Children Of Migrant Workers, Education Secretary Highlight STEAM Education
LA PLUME TWP. — One group at a time, students took deep breaths and began to speak about what they learned this week — robotics, 3D printing, global health, astronomy, pottery and bacterial resistance.
However, for the 45 children of migrant workers, the weeklong residential camp at Keystone College was about more than academics.
The students, part of
Pennsylvania’s Migrant Education Program, learn confidence and self-esteem, said Joyce Avila, an adjunct professor at Keystone and director of the camp.
During the presentations Friday, the high school students — who represented 27 countries and 13 languages — had the opportunity to tell the state secretary of education what they had learned.
“We’re here to become leaders and scientists,” said Jairy Gonzalez, a student from Reading.
The state Department of Education funds the program, called “Camp Connect: 212°F = STEAM.” STEAM stands for science, technology, engineering, art and math. Middle school students attended a similar camp last week. Students who attended the camp in prior years come back to act as counselors and translators. The state has offered a summer camp for children of migrant workers for about 15 years, and for the last three years, Keystone hosted it.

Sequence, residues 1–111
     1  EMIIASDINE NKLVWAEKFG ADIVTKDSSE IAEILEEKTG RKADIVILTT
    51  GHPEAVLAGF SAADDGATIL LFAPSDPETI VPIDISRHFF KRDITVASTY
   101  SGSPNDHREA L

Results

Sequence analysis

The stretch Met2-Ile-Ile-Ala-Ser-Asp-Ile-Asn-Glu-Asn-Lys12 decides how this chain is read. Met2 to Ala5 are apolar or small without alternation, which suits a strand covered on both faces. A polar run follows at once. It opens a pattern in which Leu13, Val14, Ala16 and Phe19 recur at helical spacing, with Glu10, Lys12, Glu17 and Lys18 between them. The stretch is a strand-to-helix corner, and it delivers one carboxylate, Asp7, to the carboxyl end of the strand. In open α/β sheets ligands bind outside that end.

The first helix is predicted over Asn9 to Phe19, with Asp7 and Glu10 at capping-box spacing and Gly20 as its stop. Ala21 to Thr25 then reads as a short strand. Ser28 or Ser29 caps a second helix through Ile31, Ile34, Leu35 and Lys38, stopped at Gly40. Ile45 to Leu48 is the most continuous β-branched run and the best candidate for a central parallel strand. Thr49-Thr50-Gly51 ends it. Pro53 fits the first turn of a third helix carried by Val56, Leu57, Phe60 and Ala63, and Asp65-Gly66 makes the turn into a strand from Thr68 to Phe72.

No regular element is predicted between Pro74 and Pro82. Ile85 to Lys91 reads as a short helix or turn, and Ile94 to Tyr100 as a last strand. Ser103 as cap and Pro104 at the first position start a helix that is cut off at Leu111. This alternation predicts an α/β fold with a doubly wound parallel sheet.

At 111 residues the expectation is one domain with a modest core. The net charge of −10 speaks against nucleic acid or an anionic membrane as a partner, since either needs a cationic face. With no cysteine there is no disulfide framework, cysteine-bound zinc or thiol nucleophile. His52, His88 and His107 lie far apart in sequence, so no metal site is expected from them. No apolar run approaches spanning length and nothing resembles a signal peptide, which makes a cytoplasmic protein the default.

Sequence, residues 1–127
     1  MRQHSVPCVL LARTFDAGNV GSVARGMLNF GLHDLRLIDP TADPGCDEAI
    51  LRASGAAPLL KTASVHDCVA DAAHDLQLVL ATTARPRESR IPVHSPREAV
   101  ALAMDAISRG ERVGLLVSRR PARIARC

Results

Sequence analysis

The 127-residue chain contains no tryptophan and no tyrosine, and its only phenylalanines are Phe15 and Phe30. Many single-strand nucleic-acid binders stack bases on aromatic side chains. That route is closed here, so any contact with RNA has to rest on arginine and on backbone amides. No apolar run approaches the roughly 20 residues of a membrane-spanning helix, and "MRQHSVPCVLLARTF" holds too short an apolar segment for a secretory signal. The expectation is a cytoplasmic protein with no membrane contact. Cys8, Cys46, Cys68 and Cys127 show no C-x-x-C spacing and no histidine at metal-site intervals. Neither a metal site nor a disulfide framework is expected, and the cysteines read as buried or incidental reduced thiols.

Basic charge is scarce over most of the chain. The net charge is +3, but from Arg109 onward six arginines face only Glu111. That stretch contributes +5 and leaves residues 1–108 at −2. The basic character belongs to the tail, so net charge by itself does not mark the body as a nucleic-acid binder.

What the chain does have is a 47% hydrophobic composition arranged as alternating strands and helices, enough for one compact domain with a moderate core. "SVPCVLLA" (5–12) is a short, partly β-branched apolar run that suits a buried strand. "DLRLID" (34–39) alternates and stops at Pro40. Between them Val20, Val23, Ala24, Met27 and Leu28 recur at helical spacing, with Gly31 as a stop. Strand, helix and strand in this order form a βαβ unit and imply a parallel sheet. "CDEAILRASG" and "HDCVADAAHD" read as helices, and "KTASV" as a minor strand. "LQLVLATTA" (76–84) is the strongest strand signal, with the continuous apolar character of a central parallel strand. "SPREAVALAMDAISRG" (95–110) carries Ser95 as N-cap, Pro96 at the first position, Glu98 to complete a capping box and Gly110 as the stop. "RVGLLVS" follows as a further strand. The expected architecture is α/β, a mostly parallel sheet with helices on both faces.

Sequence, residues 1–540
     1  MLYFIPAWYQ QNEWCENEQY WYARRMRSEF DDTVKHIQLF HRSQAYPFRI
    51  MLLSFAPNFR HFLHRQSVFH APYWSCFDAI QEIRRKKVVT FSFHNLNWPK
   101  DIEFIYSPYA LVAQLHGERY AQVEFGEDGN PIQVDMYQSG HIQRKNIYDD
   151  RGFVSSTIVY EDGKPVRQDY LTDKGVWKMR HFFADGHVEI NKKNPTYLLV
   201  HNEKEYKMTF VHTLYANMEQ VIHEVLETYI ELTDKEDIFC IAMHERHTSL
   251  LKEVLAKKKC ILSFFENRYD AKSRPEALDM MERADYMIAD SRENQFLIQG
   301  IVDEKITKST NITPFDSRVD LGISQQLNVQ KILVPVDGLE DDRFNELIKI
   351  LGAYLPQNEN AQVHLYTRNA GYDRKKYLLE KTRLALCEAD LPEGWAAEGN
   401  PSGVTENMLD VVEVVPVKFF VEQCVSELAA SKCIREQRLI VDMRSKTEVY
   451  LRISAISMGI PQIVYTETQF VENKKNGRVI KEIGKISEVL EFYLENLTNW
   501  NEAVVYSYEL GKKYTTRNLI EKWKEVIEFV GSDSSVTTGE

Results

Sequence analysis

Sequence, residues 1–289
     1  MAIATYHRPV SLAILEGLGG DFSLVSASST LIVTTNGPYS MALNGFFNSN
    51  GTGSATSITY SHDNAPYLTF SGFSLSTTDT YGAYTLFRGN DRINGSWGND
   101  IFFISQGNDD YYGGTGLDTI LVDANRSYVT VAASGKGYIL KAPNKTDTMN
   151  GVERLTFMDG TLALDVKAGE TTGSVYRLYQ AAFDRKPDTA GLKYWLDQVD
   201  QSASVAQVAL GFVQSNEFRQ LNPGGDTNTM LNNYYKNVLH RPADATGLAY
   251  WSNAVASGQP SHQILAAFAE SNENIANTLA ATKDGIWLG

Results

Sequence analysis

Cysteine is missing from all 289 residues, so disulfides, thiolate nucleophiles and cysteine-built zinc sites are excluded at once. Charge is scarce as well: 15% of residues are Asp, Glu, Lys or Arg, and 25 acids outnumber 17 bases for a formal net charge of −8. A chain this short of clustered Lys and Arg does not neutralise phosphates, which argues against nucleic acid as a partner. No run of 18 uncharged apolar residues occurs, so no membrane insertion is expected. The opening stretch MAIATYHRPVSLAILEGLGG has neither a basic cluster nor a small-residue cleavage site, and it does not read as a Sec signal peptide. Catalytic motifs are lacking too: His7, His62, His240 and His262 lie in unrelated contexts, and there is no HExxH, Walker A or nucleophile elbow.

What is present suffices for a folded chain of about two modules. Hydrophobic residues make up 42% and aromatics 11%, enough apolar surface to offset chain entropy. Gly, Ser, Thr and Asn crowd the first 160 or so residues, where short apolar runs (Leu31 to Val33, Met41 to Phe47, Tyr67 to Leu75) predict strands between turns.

State Education Secretary Pedro A. Rivera used the opportunity to promote Gov. Tom Wolf’s commitment to preparing students for 21st century jobs. This summer, Wolf administration officials visited camps, libraries and colleges across the state to highlight the importance of STEM and computer science education and summer learning.
After group presentations, students said not only did they meet new friends from across the state, they learned about other countries, cultures and religions. Many students said they would have been too nervous to speak in front of a group before this week.
Students also asked for photos with Rivera, whose mother moved to Philadelphia from Puerto Rico.
“You all have inspired me, not only in your presentations, but in your stories,” he said.
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